Zimbabwe is one of the countries on the red-list by the UK government, which restricts the recruitment of international health and social care workers. The World Health Organization (WHO) Health Workforce Support and Safeguards List grades countries as red, amber, or green based on their eligibility for international recruitment.
Countries graded red are not permitted any active recruitment, and Zimbabwe is among the countries on this list. Other countries on the list include Afghanistan, Bangladesh, Cameroon, Ethiopia, Nigeria, and Yemen, among others.
Meanwhile, countries graded amber will allow recruitment only in compliance with the terms of the government-to-government agreement. The WHO Health Workforce Support and Safeguards List is updated every three years, or more frequently if required, and changes to the list may be made on an ad hoc basis as government-to-government agreements are signed.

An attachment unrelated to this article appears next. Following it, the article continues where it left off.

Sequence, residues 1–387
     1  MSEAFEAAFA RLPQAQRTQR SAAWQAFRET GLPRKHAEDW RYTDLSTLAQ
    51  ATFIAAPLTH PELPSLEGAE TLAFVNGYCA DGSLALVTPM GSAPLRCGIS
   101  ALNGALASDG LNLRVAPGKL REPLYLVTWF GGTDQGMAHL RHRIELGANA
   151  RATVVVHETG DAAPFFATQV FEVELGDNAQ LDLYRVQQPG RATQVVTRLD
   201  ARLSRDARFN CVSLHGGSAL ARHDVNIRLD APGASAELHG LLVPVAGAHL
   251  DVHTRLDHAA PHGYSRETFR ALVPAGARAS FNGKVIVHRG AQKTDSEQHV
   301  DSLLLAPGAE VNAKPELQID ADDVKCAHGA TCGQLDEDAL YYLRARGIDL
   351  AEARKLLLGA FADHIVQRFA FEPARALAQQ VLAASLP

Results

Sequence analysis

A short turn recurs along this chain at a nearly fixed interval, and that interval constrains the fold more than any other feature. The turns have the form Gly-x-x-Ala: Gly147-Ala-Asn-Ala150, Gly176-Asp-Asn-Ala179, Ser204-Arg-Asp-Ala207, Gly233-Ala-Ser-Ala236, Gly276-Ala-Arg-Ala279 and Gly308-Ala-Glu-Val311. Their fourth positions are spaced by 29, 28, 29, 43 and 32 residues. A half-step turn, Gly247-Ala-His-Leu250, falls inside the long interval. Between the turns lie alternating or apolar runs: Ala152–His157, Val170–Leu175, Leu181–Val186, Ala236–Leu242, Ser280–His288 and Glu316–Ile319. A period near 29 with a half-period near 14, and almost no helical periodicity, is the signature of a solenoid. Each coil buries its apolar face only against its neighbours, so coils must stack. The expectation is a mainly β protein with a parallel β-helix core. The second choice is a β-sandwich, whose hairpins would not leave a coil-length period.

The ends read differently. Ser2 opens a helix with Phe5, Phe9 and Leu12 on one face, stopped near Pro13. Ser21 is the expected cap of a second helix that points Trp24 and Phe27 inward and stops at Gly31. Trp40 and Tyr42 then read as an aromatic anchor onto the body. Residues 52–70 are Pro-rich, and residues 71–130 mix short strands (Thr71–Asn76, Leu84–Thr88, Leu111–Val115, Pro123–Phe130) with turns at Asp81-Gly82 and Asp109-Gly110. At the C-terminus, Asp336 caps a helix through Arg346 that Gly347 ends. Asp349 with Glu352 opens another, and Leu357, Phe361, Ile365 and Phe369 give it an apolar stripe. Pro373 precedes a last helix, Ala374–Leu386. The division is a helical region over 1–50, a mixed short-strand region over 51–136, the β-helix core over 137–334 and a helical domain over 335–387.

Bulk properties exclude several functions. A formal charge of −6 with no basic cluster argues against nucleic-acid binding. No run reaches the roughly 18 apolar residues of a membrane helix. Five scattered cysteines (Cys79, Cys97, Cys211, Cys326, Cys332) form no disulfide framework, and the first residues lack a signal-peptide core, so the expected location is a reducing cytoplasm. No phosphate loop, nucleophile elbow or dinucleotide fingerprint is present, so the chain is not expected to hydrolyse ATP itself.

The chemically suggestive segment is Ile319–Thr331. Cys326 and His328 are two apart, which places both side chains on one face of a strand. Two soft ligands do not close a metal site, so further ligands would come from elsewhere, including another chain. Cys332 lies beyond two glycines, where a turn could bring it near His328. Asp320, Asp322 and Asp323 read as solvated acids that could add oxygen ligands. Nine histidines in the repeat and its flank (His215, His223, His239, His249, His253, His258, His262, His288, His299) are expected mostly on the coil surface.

The guidelines have been implemented to support the WHO Global Code of Practice on the International Recruitment of Health Personnel, which aims to promote ethical practices and address the issues of health workforce shortages in developing countries.
The UK’s National Health Service (NHS) is facing a shortage of health and social care workers, and the country has been relying on recruiting from abroad to fill the gaps. However, the guidelines aim to ensure that the recruitment process is ethical and sustainable while also safeguarding the health workforce in the source countries.
The UK government has assured that the guidelines will be implemented with utmost care and sensitivity, taking into account the needs of both the UK and the source countries. While Zimbabwe is currently on the red-list, there is a possibility for the country to be upgraded to the amber-list in the future with the signing of a government-to-government agreement.
In light of these guidelines, employers, recruitment organizations, agencies, collaborations, and contracting bodies are encouraged to check the red and amber country list for updates before initiating any recruitment drive. Health and social care workers’ organizations in Zimbabwe have expressed concerns over the restrictions, calling for more efforts to address the issue of health workforce shortages in the country.